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Home :: Archive :: 2003 :: April ::
Re: Critical Encounters of the Negative Kind
The Shakespeare Conference: SHK 14.0683  Tuesday, 8 April 2003

From:           Ted Dykstra <
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Date:           Monday, 7 Apr 2003 11:15:00 EDT
Subject: 14.0673 Re: Critical Encounters of the Negative Kind
Comment:        Re: SHK 14.0673 Re: Critical Encounters of the Negative Kind

>Scales are boring to listen to.  Stories are not.
>
>There is, in truth, only one story.  Everyman is attacked by the dark
>forces of antagonism and by some human quality that he raises from his
>soul, wins the day.

That's a pretty boring story all on its own Sam.

>The Well Tempered Clavier is not a series of scales but series of
>musical works to demonstrate that music can be written and played in all
>of the 12 major and minor keys irrespective of the error called the
>"comma" which Bach distributed across the 12 notes in each scale.  What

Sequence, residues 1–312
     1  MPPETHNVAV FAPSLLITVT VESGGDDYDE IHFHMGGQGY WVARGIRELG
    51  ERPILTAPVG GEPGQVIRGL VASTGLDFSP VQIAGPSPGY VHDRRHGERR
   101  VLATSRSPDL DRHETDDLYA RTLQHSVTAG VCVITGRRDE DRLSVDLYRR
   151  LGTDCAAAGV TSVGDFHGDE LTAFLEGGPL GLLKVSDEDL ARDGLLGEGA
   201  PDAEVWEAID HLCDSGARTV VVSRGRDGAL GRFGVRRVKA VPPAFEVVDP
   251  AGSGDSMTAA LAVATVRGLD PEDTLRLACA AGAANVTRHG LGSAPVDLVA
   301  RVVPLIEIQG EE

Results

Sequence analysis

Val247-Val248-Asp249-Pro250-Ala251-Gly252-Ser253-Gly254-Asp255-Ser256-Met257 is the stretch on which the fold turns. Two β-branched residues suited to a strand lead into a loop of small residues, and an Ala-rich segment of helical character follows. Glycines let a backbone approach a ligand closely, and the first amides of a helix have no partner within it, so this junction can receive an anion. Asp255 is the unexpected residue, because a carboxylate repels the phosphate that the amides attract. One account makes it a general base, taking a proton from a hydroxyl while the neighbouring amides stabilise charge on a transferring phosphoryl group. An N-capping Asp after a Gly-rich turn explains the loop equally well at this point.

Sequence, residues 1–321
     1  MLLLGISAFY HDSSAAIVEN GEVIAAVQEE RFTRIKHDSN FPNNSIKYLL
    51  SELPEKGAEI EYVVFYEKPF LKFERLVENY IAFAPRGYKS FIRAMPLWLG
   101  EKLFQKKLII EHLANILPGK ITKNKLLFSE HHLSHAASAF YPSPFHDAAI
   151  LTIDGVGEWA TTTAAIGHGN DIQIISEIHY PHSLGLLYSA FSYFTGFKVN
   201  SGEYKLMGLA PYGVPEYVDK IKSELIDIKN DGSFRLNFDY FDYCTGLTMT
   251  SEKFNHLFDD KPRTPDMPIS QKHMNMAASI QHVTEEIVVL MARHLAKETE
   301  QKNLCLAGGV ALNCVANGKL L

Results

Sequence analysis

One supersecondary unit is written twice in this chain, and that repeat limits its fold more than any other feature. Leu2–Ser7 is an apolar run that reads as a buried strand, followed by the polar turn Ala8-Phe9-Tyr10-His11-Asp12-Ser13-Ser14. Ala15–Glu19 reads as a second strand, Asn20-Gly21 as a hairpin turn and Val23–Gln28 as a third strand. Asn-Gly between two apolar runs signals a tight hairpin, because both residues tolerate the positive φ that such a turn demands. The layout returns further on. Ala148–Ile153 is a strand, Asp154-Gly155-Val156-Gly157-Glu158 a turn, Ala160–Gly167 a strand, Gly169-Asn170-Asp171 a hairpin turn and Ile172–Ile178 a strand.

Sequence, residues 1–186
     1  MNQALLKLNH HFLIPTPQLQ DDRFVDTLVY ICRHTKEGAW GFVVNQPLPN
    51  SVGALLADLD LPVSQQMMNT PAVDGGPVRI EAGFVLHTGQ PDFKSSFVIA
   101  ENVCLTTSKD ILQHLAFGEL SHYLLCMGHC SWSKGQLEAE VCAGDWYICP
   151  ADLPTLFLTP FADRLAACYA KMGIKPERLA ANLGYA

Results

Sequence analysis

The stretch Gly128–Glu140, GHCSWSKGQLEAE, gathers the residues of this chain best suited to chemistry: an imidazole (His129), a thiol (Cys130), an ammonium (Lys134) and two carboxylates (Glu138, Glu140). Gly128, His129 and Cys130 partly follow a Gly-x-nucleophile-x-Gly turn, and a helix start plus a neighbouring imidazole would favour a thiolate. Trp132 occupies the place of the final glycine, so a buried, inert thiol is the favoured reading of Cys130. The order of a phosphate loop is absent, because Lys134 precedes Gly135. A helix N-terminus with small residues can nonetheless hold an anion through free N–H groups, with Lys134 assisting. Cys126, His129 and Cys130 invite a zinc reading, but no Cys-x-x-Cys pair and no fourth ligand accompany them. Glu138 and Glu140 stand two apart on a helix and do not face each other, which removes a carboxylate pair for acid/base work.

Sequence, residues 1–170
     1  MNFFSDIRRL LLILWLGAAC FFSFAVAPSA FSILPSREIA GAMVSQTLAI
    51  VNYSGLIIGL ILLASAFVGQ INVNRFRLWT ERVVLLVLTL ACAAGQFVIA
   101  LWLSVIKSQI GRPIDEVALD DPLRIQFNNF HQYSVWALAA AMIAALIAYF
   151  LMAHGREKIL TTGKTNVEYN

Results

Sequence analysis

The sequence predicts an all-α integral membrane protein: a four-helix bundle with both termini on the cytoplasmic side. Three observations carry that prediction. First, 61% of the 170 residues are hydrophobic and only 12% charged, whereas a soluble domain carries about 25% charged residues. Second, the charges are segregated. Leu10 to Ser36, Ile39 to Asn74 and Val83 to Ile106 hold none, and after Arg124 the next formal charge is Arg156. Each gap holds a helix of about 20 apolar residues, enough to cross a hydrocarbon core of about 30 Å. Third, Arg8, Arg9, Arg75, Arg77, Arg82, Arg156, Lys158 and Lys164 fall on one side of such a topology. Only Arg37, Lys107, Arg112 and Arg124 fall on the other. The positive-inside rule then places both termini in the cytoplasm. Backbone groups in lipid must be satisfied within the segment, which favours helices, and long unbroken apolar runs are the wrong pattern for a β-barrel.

>we hear is wonderful music - not boring scales.  Stories are totally
>different.

My point, which I think should be very clear to most, is that without
the artist (writer, painter, scientist, whatever the field) interpreting
the story, the story is just the same old story you posted. Same for the
scales.  EXACTLY the same. "The" story is a foundation that, by itself,
never interpreted or expanded upon, would be very forgettable after one
listening.  But it has in it an infinite store of possibilities.
Likewise the scale.  They are both exciting because of their
possibilities. By retelling, reconfiguring, "practising" if you will, we
acquire a technique and sophistication; one, however, that would not be
possible without the much less inspiring original building block. As
Hamlet is to your original story, so is The Well Tempered Clavier to
scales.

My agitation regarding your original post sprung from your rather
cavalier dismissal of Shakespeare's originality as a storyteller,
suggesting he was not "original". And yet you now state that there is no
such thing as an original story, while at the same time expounding the
virtues of others who tell stories in bars and on streetcorners, thereby
suggesting that they are somehow to be lauded for doing so. Perhaps you
frequent an amazing bar, with stories so rich  and exciting that
Shakespeare pales. I haven't found that bar or laundromat or street
corner where I live.

Ted

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